That Time I Thought I Was Shy.

larry the lobster

Like many little sisters, I have often been inclined to believe that anything my older sister liked or possessed was probably something I should like or possess, too. When I was little, this went not only for clothing and toys, but personality traits.

One day, I heard my mother talking on the phone about my sister. I was about four at the time; my sister was six. “Rachel’s pretty shy,” Mom was saying. “We’re trying to help her feel comfortable speaking up for herself.”

When she hung up the phone, I said, “I’m shy, too, Mama.”

At that age, I loved when restaurants didn’t have immediate seating available, because while we waited, my parents would let me stand at the door singing to strangers as they entered. No one would have called me “shy.”

Mom looked puzzled. “No, Jennie, you’re not shy.”

“I am shy,” I insisted.  “Rachel’s shy and I’m shy!”

“Jennie, I really just don’t think you’re shy,” she said.

I was dismayed. “Well then what am I, Mama?”

“You’re outgoing!” she said. She explained what that meant, and I decided I liked it. For the next few weeks, I often introduced myself by saying, “I’m Jennie Katherine and I’m outgoing!”

Frankly, I have remained “outgoing Jennie Katherine” most of my life. Still, there was a time when I thought four-year-old Jennie wasn’t entirely wrong.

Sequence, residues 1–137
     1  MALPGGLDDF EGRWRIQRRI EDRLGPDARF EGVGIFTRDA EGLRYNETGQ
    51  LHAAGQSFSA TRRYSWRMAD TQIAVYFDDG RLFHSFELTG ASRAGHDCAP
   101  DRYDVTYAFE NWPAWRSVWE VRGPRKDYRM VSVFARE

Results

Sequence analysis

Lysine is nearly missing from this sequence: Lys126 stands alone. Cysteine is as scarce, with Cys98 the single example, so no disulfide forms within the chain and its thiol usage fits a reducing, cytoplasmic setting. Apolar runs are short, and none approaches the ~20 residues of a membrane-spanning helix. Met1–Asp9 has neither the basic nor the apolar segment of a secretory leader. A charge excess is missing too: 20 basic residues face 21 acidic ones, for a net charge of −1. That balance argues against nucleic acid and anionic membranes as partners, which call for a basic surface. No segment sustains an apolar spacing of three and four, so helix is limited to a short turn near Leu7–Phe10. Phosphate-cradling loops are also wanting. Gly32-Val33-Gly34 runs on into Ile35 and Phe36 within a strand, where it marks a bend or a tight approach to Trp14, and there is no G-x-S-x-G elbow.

After college, I spent a full year interning in DC, which meant that I was living in one of the most expensive cities in the country and earning a paycheck of approximately no dollars per month.

God bless the restaurant industry.

They’ll take anyone, from professional servers to “kids” like me who spent their days working for free. I figured I’d be able to pay my rent at least, and I might even enjoy the amity that always develops among restaurant employees. I do love banter, even when half of it’s in Spanish and all of it’s laced with sexual innuendo.  (That banter is the real specialty of every American restaurant.)

So I got a night job waiting tables, and I was darn-near looking forward to that good ol’ restaurant camaraderie. You know, like on Cheers, or whatever that TV show is that my generation was never actually seen but likes to reference to old people.

But here’s the thing about that “camaraderie”:

First, no one else called it that. Second, I sucked at it—even when it was in English.

All the other employees knew each other from outside of the restaurant. They had gone to high school together. They dated each other. They even lived with each other. The server assigned to train me went over all the employee connections and cross-connections as she showed me how the ketchup dispenser worked. Sensing my confusion, she said, “Things get a little messy around here.”

Drinking was apparently a critical part of employees bonding culture. But I didn’t have much money to spend on  booze. Besides, I usually had to go home early so that I could get up early for my “real job”—you know, the one that paid no real money.

So—who woulda thunk it: I became shy. Very, very shy. Miraculously though, this wasn’t true with my tables, only my coworkers. It was like this: